Time To Shine In '09
Sketches Of A New Year

Hat Tip To Bernie And Freddie

Book 'Em Dobey: Actor Bernie Hamilton (1928-2008)


Can we please have a moment of silence for . . . 


Veteran actor Bernie Hamilton and legendary jazz trumpeter Freddie Hubbard.


Bernie Hamilton passed away Tuesday night at Cedars-Sinai Medical Center in Los Angeles after suffering a cardiac arrest. His son, Raoul, was at his father's bedside when he died. He was 80. The versatile actor is best remembered as the hot-tempered police captain Harold Dobey on the popular 1970s cop series, Starsky and Hutch. The Los Angeles native also made cameos in numerous television shows, including That's My Mama, Sanford & Son, Twilight Zone and All in the Family. Bernie's son, Raoul, said his father's authoratitive character that he played on Starsky and Hutch was also how he presented himself in real life. "It was an extension of who he was as a real person," he says. "He was a self-made man. He comes from a family of five brothers and one sister from the east side of Los Angeles; they came from humble beginnings."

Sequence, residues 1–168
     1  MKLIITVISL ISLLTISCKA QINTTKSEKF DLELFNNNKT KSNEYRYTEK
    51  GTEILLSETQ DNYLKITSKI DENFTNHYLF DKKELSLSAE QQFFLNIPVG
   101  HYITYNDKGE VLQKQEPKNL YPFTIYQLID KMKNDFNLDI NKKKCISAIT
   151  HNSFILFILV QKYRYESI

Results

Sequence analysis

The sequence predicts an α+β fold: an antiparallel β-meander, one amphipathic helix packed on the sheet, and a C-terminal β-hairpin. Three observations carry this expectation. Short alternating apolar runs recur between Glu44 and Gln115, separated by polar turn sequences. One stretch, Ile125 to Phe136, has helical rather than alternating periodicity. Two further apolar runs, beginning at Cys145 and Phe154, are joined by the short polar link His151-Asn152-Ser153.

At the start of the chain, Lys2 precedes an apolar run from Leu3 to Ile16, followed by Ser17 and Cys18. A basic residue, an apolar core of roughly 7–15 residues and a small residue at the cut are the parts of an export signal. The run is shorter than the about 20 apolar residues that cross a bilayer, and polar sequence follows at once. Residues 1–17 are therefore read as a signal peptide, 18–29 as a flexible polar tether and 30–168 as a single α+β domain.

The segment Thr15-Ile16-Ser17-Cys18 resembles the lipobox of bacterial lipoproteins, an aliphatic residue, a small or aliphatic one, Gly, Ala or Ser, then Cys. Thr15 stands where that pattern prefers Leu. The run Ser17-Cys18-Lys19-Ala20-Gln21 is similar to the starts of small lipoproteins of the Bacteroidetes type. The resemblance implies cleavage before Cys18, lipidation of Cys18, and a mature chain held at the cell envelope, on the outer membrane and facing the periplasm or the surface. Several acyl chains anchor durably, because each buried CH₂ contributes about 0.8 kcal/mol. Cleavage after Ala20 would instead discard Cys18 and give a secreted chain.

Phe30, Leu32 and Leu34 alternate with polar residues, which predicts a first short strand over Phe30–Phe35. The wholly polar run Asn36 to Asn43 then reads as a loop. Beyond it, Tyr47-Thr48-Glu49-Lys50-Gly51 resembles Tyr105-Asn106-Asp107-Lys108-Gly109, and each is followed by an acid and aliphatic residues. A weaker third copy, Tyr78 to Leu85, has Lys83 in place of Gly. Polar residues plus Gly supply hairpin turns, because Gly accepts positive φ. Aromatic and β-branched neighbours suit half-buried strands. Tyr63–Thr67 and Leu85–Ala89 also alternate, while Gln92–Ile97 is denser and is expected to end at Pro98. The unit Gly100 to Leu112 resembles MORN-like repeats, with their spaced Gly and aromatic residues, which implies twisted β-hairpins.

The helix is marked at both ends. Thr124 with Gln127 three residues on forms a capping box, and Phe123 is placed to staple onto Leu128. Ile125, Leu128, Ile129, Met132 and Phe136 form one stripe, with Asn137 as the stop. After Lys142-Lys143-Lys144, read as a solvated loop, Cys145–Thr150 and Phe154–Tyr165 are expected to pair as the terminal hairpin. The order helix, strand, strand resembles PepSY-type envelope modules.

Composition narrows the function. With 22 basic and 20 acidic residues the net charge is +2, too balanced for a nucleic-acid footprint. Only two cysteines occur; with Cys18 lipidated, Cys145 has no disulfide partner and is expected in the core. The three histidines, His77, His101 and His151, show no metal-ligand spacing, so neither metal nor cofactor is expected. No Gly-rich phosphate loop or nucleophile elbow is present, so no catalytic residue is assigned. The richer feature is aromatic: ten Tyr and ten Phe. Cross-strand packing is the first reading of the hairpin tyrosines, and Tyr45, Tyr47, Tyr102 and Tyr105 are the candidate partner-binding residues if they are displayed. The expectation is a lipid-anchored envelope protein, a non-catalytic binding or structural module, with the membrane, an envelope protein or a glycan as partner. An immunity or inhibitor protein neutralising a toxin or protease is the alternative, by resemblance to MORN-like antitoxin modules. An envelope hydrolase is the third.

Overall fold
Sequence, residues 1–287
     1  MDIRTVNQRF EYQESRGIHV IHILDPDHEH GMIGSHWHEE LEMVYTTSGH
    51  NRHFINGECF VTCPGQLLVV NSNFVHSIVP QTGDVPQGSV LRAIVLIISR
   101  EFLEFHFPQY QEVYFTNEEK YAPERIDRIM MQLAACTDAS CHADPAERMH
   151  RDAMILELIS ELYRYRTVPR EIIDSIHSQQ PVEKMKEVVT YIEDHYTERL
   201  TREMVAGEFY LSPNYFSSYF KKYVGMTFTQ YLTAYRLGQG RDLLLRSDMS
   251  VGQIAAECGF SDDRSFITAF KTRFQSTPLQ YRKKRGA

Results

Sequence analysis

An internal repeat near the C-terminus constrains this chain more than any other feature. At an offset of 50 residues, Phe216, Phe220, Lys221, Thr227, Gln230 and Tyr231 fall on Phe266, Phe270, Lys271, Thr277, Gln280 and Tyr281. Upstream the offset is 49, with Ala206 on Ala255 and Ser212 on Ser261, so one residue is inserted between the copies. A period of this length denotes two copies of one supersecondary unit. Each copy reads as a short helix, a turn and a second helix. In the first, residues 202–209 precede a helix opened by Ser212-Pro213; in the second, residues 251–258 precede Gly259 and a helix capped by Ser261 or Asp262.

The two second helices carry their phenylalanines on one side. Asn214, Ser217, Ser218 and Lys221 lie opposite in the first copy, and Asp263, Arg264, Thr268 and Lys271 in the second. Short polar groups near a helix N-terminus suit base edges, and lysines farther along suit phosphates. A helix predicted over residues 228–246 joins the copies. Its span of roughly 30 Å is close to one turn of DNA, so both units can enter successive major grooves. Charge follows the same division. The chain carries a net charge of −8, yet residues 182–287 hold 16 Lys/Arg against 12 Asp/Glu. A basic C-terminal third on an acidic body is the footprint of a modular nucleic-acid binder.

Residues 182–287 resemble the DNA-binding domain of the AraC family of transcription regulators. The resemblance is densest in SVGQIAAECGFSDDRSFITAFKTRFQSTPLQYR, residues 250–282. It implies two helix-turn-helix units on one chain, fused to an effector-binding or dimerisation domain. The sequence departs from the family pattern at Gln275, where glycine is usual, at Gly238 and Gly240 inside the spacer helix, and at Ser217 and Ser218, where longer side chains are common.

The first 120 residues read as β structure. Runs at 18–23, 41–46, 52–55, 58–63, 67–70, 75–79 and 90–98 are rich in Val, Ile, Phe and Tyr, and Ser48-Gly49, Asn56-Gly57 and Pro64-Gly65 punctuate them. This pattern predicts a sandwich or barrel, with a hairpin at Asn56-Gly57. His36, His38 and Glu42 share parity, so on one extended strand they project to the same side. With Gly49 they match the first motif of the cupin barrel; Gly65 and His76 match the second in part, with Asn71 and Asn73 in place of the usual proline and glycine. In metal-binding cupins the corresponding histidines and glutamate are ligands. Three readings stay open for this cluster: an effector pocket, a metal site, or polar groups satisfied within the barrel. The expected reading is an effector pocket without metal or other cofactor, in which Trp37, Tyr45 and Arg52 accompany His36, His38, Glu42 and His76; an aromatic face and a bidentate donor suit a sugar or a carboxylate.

After Starsky and Hutch, Bernie ran an independent record label called Chocolate Snowman, producing R&B and gospel records. And according to his son, Bernie created a children's doll called the Chocolate Snowman that was manufactured in South Korea and sold at Toys "R" Us.


Bernie is survived by his son, daughter, Candy Hazarika Hamilton; his brothers Chico and Don; and two grandchildren.


Funeral services for Bernie Hamilton have ben set for Jan. 8 at Inglewood Cemetery Mortuary, in Inglewood, Calif.



Blow Hard: Freddie Hubbard (1938-2008)

On Dec. 29, legendary jazz trumpeter
Freddie Dewayne Hubbard died at Sherman Oaks Hospital in California from complications he suffered after a heart attack before Thanksgiving Day. 

The 70-year-old Grammy award-winning musician has played alongside such jazz legends as Sonny Rollins, Herbie Hancock, Quincy Jones, John Coltrane and many others. "He influenced all the trumpet players that came after him, Wynton Marsalis told Associated Press in an interview. "Certainly I listened to him a lot. He had a big sound and a great sense of rhythm and time . . . his playing is exuberant."   

Rest in Power Bernie and Freddie, thank you for your contributions to the creative arts.




Holla!

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